The hope of Christ shines bright in the midst of this. Christ offers a permanent end to suffering, not based on how well we follow the rules but based on Christ’s perfect record and death on our behalf. We have assurance of freedom from this difficult life as well as assurance of a conscious, eternal life where we can fully live out our true identity.

Despite the fact that the gospel wasn’t brought until the country in 1923, there are about 750 churches in multiple areas. Though the Khmer Rouge killed all but 2,000 Christians, the Cambodian church has slowly grown and multiplied to 250,000 believers. Over 75% of Cambodia’s 14,000 villages have no Christian presence yet, but both locals and churches around the world are sending missionaries to these villages.

Please join me in praying for Cambodia to experience true freedom in Christ. Pray for the churches there to be bold in sharing the gospel despite the government’s declaration that evangelism is illegal. Pray for those who are persecuting Cambodian Christians to see Christ so clearly that they too become evangelists. And pray for Sobhan to someday send missionaries out to the surrounding villages to bring hope.

And in case you still don’t know where Cambodia is…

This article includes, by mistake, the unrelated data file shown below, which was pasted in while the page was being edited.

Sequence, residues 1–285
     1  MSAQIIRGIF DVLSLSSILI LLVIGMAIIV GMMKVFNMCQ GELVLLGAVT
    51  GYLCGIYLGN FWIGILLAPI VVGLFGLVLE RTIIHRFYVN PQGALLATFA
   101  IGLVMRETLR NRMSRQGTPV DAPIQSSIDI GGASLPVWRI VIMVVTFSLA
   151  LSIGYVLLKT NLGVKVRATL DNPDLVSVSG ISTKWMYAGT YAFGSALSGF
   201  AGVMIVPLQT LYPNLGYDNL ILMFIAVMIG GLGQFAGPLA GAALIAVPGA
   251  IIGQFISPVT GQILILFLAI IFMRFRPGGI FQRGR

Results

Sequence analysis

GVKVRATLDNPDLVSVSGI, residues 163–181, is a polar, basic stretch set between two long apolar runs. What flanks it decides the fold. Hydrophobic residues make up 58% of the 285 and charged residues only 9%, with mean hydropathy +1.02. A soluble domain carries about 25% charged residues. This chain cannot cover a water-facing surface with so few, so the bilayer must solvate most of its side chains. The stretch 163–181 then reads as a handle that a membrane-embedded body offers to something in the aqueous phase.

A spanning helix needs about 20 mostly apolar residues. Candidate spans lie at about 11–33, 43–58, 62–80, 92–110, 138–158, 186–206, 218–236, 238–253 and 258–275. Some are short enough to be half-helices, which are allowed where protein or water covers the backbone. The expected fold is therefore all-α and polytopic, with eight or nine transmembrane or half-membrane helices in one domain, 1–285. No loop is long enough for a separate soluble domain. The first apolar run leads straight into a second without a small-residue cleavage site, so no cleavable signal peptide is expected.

T minus 14 days

**This is an interactive blog post**

Open up Google maps on your browser, and type in “Sobhan, Cambodia”.

Can’t find it? That’s because Sobhan isn’t on Google maps. Or pretty much any map you can find.

But it’s a real place! With real people!

Real kids who take the bus to school.

Real parents who grow vegetables.

Real cows who do cow-y things.

And soon, a real Anna doing farming and ministry.

Yes, I am moving to Sobhan for the next 6 months!

There’s an NGO there called Jumpah Ministries, run by a couple of missionaries and a handful of locals. This little organization  is reaching some pretty significant goals, educating children, providing job training, and supporting families affected by HIV. Among other things, here are some of Jumpah’s activities:

  • Providing a home and an education for orphans/unwanted children
  • Teaching local children in a cost-subsidized school
  • Training locals in woodworking and employing many in a woodshop
  • Demonstrating sustainable farming techniques on a farm that also employs many locals

Here’s some links to more info:

https://www.facebook.com/adventurecambodia/timeline

http://ratzloffcambodia.blogspot.com/p/overview-of-jumpah.html

I’ll be primarily working on the farm, helping with organization, research, and everyday farm tasks. I’ve also been asked to lead some Bible study-like times for the staff to practice English. Cambodia is 96% Buddhist, so many of the staff are not Christian, but they are eager to practice English and learn about the Bible, so we’ll be putting those together. I may get to do a little teaching as well, although details will be ironed out once I get there.